Foreign Policy Blogs

Can Putin Have it Both Ways on Libya?

Today’s editorial in the Moscow Times accuses Putin of hypocrisy for opposing the UN mandated operations in Libya.

Putin, who rightly criticised Bush unilateralism on Iraq, should have applauded Obama’s multilateral, UN-centric approach.

Instead, the paper proclaims,

All of Obama’s multilateralism seems to have been lost on Putin, who has proved over the past decade to be the ultimate naysayer when it comes to U.S. foreign policy, regardless of who is in the White House…Putin’s sharp — and, indeed, unacceptable — reaction to the U.S. role in the Libyan intervention once again demonstrates that he is more interested in being a spoiler of reset than its chief supporter.

Such statements would have you believe that all those opposed to the Iraq war on the same grounds as Putin have cheerfully embraced the present attacks. But nothing could be further from the truth: Putin’s opposition to the airstrikes is far from a fringe stance, and includes a wide range of highly reputable thinkers and policymakers across the ideological spectrum.

Writing in the New Republic, communitarian scholar and Iraq war critic Michael Walzer has no kind words for the present bombardment, beginning his barrage of criticism with:

There are so many things wrong with the Libyan intervention that it is hard to know where to begin.

On the right, Tory MP, polymath and middle east scholar Rory Stewart worries about the Western powers’

irrepressible, almost hyperactive actions: that sense of moral obligation; those fears about rogue states, failed states, regions and our own credibility, which threaten to make this decade again a decade of over-intervention.

Not to mention India’s toughening condemnation and the rapid falling away of Arab and African Union support.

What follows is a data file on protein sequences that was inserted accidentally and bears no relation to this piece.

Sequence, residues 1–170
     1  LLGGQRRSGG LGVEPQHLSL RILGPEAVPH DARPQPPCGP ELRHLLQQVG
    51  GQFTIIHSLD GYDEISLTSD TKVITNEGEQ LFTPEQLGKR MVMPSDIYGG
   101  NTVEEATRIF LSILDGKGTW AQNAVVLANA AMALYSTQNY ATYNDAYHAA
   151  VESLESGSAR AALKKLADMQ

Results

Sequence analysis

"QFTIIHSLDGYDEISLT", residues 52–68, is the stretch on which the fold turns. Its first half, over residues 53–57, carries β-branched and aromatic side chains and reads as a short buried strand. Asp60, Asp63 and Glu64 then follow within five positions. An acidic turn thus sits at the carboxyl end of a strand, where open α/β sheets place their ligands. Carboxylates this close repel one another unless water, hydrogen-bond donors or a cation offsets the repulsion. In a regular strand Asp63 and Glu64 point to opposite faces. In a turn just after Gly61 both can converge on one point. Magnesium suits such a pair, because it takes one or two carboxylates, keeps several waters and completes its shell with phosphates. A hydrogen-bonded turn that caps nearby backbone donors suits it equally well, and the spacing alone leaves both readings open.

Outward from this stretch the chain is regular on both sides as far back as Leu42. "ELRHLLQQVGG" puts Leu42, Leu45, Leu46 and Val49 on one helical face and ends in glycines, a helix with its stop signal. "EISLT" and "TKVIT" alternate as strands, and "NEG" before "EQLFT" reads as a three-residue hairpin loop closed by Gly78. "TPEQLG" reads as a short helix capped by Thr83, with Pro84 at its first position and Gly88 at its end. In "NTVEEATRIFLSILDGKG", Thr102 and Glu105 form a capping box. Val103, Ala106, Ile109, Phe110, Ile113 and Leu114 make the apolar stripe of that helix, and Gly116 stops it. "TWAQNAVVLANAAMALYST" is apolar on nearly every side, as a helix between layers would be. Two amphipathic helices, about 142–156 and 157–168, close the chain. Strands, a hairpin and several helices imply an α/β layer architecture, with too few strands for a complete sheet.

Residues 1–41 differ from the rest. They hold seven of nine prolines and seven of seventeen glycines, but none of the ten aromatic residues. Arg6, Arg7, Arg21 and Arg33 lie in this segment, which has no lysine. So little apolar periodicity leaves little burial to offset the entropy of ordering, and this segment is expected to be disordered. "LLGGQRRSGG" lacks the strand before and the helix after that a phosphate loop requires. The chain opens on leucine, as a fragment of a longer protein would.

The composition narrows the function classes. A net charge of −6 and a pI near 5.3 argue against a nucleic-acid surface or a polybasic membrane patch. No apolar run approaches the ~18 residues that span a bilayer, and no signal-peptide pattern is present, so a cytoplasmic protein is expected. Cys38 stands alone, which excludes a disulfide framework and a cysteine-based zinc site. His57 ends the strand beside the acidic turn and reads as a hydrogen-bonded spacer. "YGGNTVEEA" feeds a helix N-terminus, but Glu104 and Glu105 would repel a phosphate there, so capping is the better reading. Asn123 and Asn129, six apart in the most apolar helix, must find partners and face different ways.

“Western air and naval strikes against Libya are threatening the Arab Spring”, writes the scholar Phyllis Bennis on al-Jazeera, which has generally supported the anti-Gaddafi action.

Ironically, one of the reasons many people supported the call for a no-fly zone was the fear that if Gaddafi managed to crush the Libyan people’s uprising and remain in power, it would send a devastating message to other Arab dictators: Use enough military force and you will keep your job.

Instead, it turns out that just the opposite may be the result: It was after the UN passed its no-fly zone and use-of-force resolution, and just as US, British, French and other warplanes and warships launched their attacks against Libya, that other Arab regimes escalated their crack-down on their own democratic movements.

If anything, Russia increasingly appears to be on the right side of reason and sanity!

Putin is not trying to have it both ways regarding Iraq and Libya, because the current action has more in common than in contrast with Bush’s war: once again, it is a military operation led by the US and Britain (not by UN blue helmets, and not even NATO!) against an oil rich ‘rogue’ Arab state.

But, by first not vetoing the vote and then using the attacks as a platform to condemn behaviour he had the power to stop, and second by having the Kremlin both condone (via Medvedev) and condemn (via Putin) the UN resolution on which it had remained neutral, he’s really having his cake and eating it.



Vadim Nikitin
Vadim Nikitin

Vadim Nikitin was born in Murmansk, Russia and grew up there and in Britain. He graduated from Harvard University with a thesis on American democracy promotion in Russia. Vadim's articles about Russia have appeared in The Nation, Dissent Magazine, and The Moscow Times. He is currently researching a comparative study of post-Soviet and post-Apartheid nostalgia.
Areas of Focus:
USSR; US-Russia Relations; Culture and Society; Media; Civil Society; Politics; Espionage; Oligarchs